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New debate on antibiotics: Do you really need to take the full course?

British doctors are launching a study at 30 hospitals that will look at whether it's safe to stop antibiotics early in some patients. (iStock)

The one rule about antibiotics that has been drilled into our heads for generations is that you absolutely must take the full course — or else something very bad might happen.

Is it time to reconsider that advice?

In an opinion piece published in the BMJ on Wednesday, a group of practicing physicians argues that the idea that stopping antibiotics early may be dangerous to the patient and society as a whole is not grounded in strong science and that policymakers, educators and doctors should drop this message.

The question of how people use antibiotics is one of the most critical issues facing modern medicine. Whenever bacteria are exposed to antibiotics, they have the potential to evolve new strains that can withstand the drugs. Failing to take a full course of antibiotics, the logic goes, leaves behind bacteria that have developed some resistance. The rise of resistant “superbugs,” public health officials warn, could lead to a global pandemic if we cannot figure out how to better control our use of the drugs. In June, the World Health Organization took the unprecedented step of creating a controversial “reserve” list of antibiotics that should be restricted and only used in the most dire of circumstances.

Infectious disease experts Martin Llewelyn from the Brighton and Sussex Medical School, Tim Peto from the Oxford Biomedical Research Center and their co-authors argue in the new article that the advice to finish all your antibiotics contradicts the unambiguous fact that it's not underuse but overuse that's creating the resistance problem.

Peto explained in an interview that as far as they could tell, the “full course” idea originated with a speech in 1945 given by Nobel Prize winner Alexander Fleming. Fleming recounted a moving story involving a patient with a streptococcal throat infection who didn't take enough penicillin, and passed it on to his wife, leading to her death from the newly antibiotic-resistant strain.

“The comments were emotional but not based on evidence,” Peto said. “We want the world to do more research so that we have a plan that's more substantiated.”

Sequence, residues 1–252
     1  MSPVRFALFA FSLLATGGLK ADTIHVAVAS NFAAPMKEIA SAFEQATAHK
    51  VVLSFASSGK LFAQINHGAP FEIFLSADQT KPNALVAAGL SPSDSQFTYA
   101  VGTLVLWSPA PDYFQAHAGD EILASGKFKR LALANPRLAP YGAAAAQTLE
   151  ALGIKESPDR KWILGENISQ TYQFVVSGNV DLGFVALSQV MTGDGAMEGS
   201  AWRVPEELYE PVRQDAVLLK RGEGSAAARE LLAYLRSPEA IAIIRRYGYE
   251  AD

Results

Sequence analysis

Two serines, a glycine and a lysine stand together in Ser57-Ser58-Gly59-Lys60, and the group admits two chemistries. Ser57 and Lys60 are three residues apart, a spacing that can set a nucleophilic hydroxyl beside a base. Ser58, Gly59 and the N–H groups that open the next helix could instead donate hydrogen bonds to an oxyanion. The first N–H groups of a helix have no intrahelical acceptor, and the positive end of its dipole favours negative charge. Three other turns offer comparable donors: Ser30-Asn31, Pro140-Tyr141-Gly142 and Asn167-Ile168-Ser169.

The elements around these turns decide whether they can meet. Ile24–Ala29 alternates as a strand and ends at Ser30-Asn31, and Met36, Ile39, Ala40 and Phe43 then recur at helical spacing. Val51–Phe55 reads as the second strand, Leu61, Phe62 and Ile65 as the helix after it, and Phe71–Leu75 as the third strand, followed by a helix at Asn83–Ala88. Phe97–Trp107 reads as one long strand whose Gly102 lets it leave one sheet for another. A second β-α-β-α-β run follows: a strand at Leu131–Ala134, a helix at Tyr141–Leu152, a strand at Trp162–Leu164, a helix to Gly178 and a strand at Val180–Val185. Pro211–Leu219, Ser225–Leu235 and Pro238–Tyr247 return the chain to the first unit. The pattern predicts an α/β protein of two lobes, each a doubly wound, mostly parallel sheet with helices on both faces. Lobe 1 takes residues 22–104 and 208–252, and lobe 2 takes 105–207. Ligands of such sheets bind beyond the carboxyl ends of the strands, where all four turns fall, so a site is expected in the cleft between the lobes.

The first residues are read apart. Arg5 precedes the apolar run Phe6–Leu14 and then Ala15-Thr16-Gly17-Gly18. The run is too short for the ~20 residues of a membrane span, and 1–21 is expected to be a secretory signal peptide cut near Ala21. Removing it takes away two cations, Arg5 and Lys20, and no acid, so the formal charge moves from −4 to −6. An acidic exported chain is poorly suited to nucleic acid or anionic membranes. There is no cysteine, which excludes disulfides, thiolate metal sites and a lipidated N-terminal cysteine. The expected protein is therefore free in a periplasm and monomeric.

Several infectious disease experts agreed these are questions worth asking, but that it's premature to drop the decades-old advice.

Lauri Hicks, director of an office that focuses on antibiotics for the U.S. Centers for Disease Control and Prevention, pointed out that there are a number of studies regarding the ideal duration of therapy for specific issues. Regarding ear infections, for example, one study showed that patients taking an antibiotic for five days were more likely to fail treatment than those taking it for the full 10 days. Hicks said there is also evidence that if you don't complete a course of antibiotics, that makes it more likely that bacteria on your body may develop antibiotic resistance and cause a more serious infection down the road.

However, Hicks acknowledged there are certainly “compelling” reasons to think about it differently.

“There are situations where finishing a full course is important. There are also cases where it may not be as important and may end up putting patients at risk if we give them an unnecessary amount of antibiotics,” she said.

Sarah Fortune, a professor of immunology and infectious diseases at the Harvard T.H. Chan School of Public Health, said that for urinary tract infections and typhoid fever, studies have shown one day of drugs is often sufficient — making the normal week-long course overkill in many situations. For tuberculosis, however, stopping antibiotics early has been shown to put patients at risk for making their situation worse.

“This is an important example because it highlights the double-edge sword of treatment shortening,” she said.

If you treat for too short a time, you may end up enriching the environment for antibiotic-resistant organisms, she explained, “and the relative proportion of drug-resistant bugs becomes higher, higher than the host can ever deal with, and then this infection can reemerge as drug resistant.”

Yonatan Grad, in the division of infectious disease at Brigham and Women’s Hospital, said he feels that there are “many opportunities for improvement” in how doctors use antibiotics, and for many types of infections it may well be possible to reduce the duration of treatment without compromising the treatment’s effectiveness. However, he said the suggestion in the new opinion piece that doctors should tell people to stop taking antibiotics when they “feel better” is problematic.

“How are you to judge ‘feeling better’? Symptoms mostly gone? Entirely gone? Some symptoms, but not others?” he said, “This is too vague and subjective a recommendation.”

The last time scientists discovered a truly new antibiotic was in 1984. Here's why. (Video: Pew Charitable Trust)

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